Oct. 25, 1875 . . . I have scarcely got over the tire of the congress yet, although it is a week since I returned . . . . It was a grand affair, and babies came in arms. School-boys stood close to the platform and school-girls came, books in hand. The hall . . . could hold at least one thousand seven hundred. It was packed and jammed . . . . When I had to speak to announce a paper I stood very still until they became quiet. Once I had stood that way, a man at the extreme rear, before I had spoken a word, shouted out, “Louder!” We all burst into a laugh.
Maria was now the president of the Association for the Advancement of Women (AAW). This was its annual meeting in 1875. One of the founders of the AAW, Maria would also found its Science Committee which she would chair for life. Her sisters and sister-in-laws were members. Her sister, Phebe Mitchell Kendall, chaired the Women’s Dress Reform Committee – if you know anything about “bloomers” this is, in part, where it happened. I like to wonder if her Quaker upbringing provided her with any oratory skills. With some empowerment from watching other women stand up in Quaker meeting to address the meeting. Lucretia Coffin Mott stated that was something that gave her strength and confidence – watching women standing in Quaker meeting and addressing the gathering. The Reverend Phebe Coffin Hanaford implied the same – and as a young girl she stood on an apple box to speak to her “meeting” – her large gathering of siblings.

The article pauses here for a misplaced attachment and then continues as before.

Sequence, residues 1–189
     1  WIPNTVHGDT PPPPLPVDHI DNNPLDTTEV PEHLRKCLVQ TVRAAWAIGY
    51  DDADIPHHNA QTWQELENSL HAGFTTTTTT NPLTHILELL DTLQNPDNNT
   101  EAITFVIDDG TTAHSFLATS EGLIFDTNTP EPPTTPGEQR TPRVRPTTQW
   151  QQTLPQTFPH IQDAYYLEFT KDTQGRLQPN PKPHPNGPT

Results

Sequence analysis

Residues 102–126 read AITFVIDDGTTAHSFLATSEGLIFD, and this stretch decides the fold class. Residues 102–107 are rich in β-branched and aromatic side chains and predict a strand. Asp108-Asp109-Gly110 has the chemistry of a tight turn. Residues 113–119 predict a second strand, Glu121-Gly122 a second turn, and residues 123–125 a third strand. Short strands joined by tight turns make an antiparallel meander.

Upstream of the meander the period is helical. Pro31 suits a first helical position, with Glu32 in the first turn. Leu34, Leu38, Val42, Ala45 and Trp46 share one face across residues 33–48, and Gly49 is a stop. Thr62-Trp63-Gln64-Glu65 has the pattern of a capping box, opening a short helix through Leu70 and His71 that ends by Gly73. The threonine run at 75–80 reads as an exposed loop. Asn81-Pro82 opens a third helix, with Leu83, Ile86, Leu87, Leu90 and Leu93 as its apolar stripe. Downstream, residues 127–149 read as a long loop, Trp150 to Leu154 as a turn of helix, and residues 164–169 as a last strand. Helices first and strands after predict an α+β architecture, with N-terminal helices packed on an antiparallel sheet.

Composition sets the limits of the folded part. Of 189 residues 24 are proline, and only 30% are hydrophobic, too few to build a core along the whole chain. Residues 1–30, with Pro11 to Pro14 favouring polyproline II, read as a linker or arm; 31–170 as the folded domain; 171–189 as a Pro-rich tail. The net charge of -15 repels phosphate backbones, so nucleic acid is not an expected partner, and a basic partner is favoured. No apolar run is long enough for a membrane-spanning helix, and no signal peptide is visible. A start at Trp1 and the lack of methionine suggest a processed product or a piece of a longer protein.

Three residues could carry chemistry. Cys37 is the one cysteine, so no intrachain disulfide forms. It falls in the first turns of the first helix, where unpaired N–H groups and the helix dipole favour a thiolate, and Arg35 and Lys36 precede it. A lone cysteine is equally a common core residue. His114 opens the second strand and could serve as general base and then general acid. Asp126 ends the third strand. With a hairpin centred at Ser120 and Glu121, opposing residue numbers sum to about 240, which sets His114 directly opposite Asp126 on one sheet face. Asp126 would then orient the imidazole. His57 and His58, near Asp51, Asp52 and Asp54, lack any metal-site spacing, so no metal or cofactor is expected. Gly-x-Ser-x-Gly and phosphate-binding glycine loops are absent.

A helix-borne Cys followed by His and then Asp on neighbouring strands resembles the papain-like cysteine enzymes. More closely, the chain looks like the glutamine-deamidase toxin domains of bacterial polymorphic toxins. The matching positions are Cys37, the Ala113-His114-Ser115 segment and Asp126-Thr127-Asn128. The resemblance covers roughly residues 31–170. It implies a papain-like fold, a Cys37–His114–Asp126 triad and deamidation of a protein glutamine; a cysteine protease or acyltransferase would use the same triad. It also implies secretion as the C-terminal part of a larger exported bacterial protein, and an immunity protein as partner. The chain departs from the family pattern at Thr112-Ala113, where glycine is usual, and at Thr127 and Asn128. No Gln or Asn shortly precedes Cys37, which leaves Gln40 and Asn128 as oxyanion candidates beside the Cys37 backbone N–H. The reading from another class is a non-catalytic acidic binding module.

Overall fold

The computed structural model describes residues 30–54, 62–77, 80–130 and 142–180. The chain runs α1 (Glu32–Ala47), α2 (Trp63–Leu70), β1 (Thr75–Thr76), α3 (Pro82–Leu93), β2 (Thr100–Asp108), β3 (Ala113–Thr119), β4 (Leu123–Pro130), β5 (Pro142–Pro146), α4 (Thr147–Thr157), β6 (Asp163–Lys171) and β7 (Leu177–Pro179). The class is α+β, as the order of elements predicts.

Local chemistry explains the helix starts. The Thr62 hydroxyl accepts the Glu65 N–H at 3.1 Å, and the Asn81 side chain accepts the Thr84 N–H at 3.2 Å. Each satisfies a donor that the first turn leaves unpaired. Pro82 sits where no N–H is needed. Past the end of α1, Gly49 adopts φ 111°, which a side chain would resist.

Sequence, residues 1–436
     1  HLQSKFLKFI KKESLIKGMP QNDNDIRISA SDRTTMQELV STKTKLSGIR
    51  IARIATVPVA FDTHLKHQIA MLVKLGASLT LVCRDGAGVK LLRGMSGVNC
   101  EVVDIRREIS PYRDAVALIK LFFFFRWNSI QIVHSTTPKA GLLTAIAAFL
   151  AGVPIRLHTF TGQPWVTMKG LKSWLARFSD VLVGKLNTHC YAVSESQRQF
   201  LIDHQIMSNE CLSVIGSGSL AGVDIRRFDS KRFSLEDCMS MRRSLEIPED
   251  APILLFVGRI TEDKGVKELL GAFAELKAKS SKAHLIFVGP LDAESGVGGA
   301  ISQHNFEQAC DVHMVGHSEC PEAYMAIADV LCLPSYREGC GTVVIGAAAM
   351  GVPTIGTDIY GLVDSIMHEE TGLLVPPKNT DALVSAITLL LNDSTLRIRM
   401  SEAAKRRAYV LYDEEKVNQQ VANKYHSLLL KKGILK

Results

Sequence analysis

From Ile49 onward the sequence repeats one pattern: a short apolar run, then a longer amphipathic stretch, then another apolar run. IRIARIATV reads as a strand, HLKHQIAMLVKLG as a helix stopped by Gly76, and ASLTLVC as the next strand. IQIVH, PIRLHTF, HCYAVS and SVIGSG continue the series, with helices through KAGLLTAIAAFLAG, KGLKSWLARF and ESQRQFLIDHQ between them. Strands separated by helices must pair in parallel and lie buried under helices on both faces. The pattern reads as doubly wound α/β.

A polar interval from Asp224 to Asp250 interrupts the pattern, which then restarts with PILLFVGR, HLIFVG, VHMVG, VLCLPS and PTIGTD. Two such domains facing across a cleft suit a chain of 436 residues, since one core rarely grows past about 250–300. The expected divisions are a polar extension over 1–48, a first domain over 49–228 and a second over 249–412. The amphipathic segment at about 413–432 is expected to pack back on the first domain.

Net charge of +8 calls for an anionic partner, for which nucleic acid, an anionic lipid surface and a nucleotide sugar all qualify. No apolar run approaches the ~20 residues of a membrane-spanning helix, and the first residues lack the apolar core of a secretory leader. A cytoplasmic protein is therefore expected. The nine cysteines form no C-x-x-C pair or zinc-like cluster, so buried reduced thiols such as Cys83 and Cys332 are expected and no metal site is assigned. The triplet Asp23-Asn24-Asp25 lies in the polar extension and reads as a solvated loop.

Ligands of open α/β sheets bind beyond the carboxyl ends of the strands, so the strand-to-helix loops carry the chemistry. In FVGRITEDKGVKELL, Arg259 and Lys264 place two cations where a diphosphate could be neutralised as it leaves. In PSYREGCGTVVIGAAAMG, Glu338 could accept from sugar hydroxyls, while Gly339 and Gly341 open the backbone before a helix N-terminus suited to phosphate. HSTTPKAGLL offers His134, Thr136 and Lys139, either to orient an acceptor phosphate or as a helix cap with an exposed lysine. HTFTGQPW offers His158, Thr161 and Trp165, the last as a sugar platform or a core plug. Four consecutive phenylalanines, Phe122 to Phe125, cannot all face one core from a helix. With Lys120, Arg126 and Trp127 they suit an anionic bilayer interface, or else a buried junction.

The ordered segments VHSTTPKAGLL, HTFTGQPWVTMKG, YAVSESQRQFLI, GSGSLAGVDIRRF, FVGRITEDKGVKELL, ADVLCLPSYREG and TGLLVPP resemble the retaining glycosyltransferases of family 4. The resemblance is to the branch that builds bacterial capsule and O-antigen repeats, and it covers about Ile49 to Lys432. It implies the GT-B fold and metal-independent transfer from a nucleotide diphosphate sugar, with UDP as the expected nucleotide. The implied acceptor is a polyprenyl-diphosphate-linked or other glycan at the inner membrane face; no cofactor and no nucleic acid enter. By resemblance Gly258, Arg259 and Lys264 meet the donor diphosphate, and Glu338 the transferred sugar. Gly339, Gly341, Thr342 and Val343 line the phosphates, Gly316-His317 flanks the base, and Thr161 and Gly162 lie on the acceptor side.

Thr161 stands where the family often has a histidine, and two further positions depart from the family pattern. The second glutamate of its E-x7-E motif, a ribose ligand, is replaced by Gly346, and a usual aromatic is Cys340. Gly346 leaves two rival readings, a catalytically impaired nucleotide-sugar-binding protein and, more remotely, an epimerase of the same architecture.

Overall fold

In this child’s hand, he holds power. The power to unlock doors, worlds, and the universe. At age one, he got his first library card. A card that will unlock many doors for him throughout his life – those that are real, those that are imaginary, those that someday could be.
At this library, our Atheneum, Maria Mitchell was the first librarian. It saw the first anti-slavery convention on Nantucket. Its Great Hall and attendees witnessed Frederick Douglass’ first speech to a mixed race audience. Numerous other luminaries came before Douglass – from island-born Lucretia Coffin Mott to Emerson, Thoreau, and William Lloyd Garrison. It was a space filled with books that opened the door and the world to Nantucket’s daughters and sons – always thirsty for knowledge. It was a repository for fantastic finds from around the world brought back by island whalemen, travelers, visitors, coastal traders, merchant ships, and fishing vessels.
He may not remember when he got his library card since he is so young. I acquired mine a few years older but remember that day. I still have my paper Atheneum card from when I was a child and when the children’s room was down in the basement. People screw up their faces remembering that dank space – I remember the wonder it held – and the orange/red carpet and being closed if it flooded. But that didn’t stop me – we were there several times a week. I also still have my library card from the town I grew up in in Connecticut – another place we were always visiting. As the daughter of a former English teacher who is also a voracious reader, books have always been a part of my world and have let me escape to other places and learn about new things. Now, my son will know the wonder of a book – the wonder of a library – and the treasures it holds and the history the Nantucket Atheneum has witnessed as well.